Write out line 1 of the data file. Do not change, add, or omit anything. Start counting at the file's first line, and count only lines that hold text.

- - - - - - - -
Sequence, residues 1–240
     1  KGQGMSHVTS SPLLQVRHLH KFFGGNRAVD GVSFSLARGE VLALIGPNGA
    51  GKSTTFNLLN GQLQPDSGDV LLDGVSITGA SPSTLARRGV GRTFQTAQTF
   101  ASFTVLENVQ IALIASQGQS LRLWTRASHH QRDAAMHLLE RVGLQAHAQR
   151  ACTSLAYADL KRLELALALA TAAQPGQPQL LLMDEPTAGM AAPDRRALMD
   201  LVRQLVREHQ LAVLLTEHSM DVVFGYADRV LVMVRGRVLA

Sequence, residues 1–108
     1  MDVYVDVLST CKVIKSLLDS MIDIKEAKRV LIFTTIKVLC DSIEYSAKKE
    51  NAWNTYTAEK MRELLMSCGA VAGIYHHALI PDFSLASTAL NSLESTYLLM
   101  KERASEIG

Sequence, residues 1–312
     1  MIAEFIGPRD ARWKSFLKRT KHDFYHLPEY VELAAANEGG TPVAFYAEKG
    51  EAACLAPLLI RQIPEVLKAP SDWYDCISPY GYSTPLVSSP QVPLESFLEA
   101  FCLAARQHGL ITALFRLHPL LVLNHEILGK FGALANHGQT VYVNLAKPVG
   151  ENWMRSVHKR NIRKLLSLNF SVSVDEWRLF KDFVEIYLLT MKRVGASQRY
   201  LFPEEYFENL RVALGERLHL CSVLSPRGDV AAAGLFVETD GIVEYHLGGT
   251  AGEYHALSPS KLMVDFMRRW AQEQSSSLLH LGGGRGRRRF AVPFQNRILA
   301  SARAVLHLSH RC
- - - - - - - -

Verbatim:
Sequence, residues 1–240